Larsen (2004) provides a typology of four landscapes or spaces related to war and cultural identity. These four experiences of space in modern culture "shape our arguments around the nature of war as dealing with belonging and identity" (p. 481): the national landscape, the guerilla landscape, the perceived landscape, and the aesthetic landscape. The national landscape is the basis of the entire structure.
In the national landscape, anybody who lives anywhere else is fundamentally different and "incurably alien" (p. 482). The people's natural identity comes from having been born in this place. On one hand it is a peaceful home. On the other, "it is a sign of the foreignness and artificiality of others and thus legitimizes war. This concept of national space is similar to Loraux's (2002) description of the ancient Athenians' concept of the city. They saw two aspects of the city, inside and outside. Inside is civilization and peaceful pursuits such as marriage, business, and art. Outside the city is where war is waged, and "only the city that enjoys internal peace can wage war outside, and that is both its duty and its fate" (p. 23). On one hand it is a peaceful home seen from the distance, as the city of Algiers is shown in the location establishing shot for the Battle of Algiers before the story starts. The Algerians are the people who are born there and in their "right place."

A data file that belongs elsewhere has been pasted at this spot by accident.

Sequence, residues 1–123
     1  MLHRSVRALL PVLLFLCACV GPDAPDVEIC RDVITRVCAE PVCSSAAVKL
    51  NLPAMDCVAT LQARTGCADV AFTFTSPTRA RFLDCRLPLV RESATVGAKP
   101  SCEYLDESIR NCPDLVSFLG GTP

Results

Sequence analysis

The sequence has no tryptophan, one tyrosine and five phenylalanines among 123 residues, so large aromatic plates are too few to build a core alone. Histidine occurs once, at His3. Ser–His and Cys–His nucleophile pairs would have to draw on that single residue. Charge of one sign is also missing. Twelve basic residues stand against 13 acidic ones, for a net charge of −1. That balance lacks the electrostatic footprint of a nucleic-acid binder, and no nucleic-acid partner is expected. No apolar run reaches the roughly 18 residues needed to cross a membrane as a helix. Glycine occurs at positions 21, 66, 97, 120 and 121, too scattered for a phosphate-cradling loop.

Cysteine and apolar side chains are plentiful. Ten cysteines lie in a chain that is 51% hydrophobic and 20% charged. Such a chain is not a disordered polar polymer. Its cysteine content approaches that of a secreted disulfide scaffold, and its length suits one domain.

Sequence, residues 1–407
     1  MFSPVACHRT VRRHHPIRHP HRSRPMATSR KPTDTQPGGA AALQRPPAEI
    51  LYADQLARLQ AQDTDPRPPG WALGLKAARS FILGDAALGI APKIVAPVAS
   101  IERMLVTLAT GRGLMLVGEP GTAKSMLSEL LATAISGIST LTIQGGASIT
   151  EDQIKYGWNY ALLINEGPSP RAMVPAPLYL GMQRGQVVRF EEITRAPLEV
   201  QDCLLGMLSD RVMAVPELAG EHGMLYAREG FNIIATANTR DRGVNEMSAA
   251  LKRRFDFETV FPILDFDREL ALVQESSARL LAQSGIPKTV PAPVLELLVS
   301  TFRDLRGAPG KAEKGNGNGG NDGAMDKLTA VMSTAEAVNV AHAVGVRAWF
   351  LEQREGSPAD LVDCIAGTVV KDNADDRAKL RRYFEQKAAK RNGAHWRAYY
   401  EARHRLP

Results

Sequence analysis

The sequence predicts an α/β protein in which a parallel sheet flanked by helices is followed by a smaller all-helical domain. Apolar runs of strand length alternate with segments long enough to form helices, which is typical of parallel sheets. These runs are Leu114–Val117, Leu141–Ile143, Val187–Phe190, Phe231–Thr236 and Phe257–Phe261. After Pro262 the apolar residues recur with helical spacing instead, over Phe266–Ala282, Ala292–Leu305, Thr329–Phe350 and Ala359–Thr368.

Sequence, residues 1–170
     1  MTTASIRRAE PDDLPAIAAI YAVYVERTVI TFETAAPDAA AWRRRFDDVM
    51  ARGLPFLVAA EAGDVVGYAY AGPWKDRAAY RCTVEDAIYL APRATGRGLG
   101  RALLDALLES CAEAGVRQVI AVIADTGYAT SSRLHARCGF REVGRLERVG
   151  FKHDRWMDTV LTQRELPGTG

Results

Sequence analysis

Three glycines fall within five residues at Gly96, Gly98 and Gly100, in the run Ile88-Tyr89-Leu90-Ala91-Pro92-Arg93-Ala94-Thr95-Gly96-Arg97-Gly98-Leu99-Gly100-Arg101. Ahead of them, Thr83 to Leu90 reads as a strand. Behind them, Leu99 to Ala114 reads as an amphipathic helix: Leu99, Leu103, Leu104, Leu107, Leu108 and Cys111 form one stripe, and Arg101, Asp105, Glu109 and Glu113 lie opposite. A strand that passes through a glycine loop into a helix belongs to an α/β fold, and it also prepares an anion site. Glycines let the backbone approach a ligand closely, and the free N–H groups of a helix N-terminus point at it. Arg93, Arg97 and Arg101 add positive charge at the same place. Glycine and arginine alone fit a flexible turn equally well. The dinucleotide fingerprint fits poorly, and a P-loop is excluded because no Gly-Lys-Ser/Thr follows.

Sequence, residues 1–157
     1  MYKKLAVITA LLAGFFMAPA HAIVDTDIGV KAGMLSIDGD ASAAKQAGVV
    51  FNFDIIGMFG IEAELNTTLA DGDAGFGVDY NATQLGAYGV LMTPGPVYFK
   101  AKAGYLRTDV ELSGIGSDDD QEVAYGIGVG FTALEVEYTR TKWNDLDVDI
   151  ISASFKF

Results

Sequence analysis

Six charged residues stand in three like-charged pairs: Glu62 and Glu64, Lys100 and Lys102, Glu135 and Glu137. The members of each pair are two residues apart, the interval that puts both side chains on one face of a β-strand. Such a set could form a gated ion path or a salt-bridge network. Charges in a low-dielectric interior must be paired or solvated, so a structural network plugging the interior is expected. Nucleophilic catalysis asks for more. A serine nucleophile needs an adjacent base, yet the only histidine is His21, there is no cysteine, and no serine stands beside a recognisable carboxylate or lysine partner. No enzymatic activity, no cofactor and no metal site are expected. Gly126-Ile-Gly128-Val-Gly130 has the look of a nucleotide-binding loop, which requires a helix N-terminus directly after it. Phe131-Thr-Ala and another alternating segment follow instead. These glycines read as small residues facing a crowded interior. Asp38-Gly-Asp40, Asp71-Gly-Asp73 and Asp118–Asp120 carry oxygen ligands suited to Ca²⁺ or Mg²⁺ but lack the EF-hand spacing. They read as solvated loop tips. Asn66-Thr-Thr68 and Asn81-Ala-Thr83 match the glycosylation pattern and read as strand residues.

History, however, reveals a resistance had formed long before the war against French colonial occupation